What Are Some Forms of Distracted Driving?
Distracted driving is any activity that diverts attention from driving, increasing the risk of a crash. The Centers for Disease Control and Prevention (CDC) categorizes distracted driving into three main types: visual, manual, and cognitive.
Visual distraction involves taking your eyes off the road. This can include activities such as:
- Reading text messages or making calls
- Adjusting the GPS or other electronic devices
- Gazing at scenery or objects outside the vehicle
- Checking on passengers or pets in the backseat
- Reading a map or looking at a navigation system
When drivers take their eyes off the road, they are more likely to miss critical information such as traffic signals, pedestrians, or other vehicles.
Manual distraction occurs when a driver takes their hands off the steering wheel. This can include activities like:
- Eating or drinking
- Adjusting the radio or other controls
- Grooming or applying makeup
- Reaching for objects inside the vehicle
Driving requires constant control of the vehicle, and taking hands off the wheel increases the likelihood of losing control or being unable to react quickly to potential hazards.
Cognitive distraction involves diverting mental attention away from driving. This can happen when a driver’s mind is occupied with activities such as:
- Daydreaming or being lost in thought
- Talking on the phone (even hands-free)
- Engaging in deep or emotional conversations with passengers
- Listening to distracting music or podcasts
Even if a driver’s eyes are on the road and hands are on the wheel, cognitive distractions can impair decision-making and reaction times. This type of distraction is dangerous because it may not be immediately apparent to others on the road.
It’s important to note that many activities can involve a combination of these distractions. For example, using a cell phone while driving involves visual, manual, and cognitive distractions simultaneously, making it one of the most dangerous forms of distracted driving.
How Do You Establish Negligence After a Distracted Driving Accident?
Establishing negligence after a car accident involving a distracted driver is crucial for pursuing a successful personal injury claim. A strategic approach to strengthening your case is essential when dealing with a distracted driving accident.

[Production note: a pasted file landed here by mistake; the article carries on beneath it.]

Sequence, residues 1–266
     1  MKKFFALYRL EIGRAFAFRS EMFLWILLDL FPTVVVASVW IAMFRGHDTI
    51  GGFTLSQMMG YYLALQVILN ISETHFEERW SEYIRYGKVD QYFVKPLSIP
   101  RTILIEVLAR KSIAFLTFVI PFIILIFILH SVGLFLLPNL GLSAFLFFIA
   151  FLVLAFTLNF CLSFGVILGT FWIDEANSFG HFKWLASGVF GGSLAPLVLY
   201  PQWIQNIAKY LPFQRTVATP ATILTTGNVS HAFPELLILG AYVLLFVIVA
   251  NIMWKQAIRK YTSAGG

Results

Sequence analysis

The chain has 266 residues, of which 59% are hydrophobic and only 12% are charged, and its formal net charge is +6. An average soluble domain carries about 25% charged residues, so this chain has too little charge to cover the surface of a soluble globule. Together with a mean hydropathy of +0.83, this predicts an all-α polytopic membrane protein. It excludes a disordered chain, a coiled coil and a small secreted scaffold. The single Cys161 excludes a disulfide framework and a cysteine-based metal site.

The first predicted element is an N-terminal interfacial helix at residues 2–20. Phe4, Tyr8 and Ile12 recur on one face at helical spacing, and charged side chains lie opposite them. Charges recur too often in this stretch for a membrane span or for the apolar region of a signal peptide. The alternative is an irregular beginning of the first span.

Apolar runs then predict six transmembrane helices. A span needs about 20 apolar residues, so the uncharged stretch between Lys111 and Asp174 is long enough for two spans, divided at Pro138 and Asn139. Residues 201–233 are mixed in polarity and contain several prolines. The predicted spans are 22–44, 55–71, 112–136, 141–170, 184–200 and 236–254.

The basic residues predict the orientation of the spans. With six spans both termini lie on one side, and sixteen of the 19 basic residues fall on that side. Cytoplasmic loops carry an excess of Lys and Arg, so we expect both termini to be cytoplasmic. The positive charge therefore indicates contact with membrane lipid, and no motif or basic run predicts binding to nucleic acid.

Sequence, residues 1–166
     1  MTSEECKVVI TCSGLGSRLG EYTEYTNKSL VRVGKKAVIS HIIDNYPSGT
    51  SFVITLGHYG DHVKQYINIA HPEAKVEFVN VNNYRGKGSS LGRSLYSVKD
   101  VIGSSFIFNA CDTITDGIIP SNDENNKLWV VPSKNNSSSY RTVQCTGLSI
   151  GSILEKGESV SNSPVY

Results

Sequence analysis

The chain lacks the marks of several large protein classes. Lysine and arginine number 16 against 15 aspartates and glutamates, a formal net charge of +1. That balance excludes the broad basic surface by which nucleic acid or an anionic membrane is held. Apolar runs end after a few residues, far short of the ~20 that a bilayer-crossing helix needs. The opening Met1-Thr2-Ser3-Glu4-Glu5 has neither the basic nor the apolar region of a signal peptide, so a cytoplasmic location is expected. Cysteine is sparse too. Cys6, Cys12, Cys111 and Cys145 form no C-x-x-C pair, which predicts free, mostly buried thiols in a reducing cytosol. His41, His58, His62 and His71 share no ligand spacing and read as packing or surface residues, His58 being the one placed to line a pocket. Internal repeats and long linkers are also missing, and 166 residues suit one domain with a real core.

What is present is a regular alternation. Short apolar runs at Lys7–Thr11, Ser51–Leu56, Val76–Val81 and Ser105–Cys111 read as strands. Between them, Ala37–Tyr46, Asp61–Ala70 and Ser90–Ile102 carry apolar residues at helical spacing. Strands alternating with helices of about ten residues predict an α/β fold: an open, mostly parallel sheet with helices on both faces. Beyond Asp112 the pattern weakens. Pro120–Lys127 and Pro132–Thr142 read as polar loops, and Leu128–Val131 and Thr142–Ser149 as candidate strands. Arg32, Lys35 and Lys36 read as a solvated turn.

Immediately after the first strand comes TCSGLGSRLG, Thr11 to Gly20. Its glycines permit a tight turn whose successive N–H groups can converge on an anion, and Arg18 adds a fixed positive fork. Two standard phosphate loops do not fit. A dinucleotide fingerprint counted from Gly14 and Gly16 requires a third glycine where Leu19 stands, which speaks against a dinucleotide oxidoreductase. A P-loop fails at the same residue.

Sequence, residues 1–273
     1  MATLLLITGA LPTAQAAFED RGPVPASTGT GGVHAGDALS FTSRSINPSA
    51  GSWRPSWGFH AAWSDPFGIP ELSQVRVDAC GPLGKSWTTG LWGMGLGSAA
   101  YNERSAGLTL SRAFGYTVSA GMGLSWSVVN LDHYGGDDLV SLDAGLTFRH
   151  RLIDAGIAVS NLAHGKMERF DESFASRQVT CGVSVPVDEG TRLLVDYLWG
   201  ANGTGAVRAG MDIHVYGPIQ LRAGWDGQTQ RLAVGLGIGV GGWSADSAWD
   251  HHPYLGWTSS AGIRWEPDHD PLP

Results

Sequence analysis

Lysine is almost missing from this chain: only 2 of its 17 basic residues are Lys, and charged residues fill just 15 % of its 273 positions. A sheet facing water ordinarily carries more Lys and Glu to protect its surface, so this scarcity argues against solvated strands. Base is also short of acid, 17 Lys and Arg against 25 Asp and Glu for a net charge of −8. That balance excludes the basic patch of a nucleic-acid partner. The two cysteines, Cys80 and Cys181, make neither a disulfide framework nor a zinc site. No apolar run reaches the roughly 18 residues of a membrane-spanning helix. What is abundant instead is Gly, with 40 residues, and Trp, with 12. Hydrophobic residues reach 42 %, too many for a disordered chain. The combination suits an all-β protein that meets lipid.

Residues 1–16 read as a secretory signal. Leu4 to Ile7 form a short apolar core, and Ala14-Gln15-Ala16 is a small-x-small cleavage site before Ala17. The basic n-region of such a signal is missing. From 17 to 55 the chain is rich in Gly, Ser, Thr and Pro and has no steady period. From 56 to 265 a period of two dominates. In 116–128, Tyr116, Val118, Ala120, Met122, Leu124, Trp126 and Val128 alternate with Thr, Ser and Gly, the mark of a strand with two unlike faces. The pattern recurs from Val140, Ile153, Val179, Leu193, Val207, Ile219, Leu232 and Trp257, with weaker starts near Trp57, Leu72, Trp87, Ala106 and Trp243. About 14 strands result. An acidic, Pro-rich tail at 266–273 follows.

Consulting with an experienced accident attorney can be instrumental in navigating the claims process and understanding injury laws.
Begin by collecting evidence related to the car accident. This may include photos of the accident, vehicle damage, and visible injuries. Additionally, obtain witness statements and gather relevant documents, such as the police report.
Prove Distracted Driving
Establishing that the other driver was distracted during the accident is central to proving negligence. Look for any signs of distracted behavior, such as phone records, eyewitness accounts, or admissions by the driver. Distracted driving laws and regulations may vary, so understanding local driving laws is crucial.
Review Rear-End Collisions
In many cases, distracted driving leads to rear-end collisions. It could strengthen your case if you were rear-ended, as the driver who rear-ends another vehicle is often considered at fault. This supports the argument that the distracted driver failed to maintain a safe following distance.
Establish Duty of Care
To prove negligence, it is essential to establish that the distracted driver owed you a duty of care and breached that duty by engaging in distracted behavior. The breach of duty must be directly linked to the accident and resulting injuries.
Seek medical attention promptly and thoroughly document your injuries. Medical records, bills, and expert opinions can indicate the extent of your injuries. This documentation is crucial when seeking financial compensation for medical expenses and other damages.
Navigate the Claims Process
Work with your accident attorney to navigate the claims process efficiently. They can communicate with insurance companies on your behalf, negotiate a fair settlement, and seek financial claims. If a satisfactory settlement cannot be reached, the attorney can guide you through the legal proceedings to seek compensation through litigation.
Consult Injury Lawyers
Seek the expertise of injury lawyers or consult law firms specializing in car accident cases. These attorneys can provide valuable insights into injury laws, guide you through the legal process, and help determine the strength of your claim. They are well-versed in navigating the complexities of the claims process and can advocate for your rights.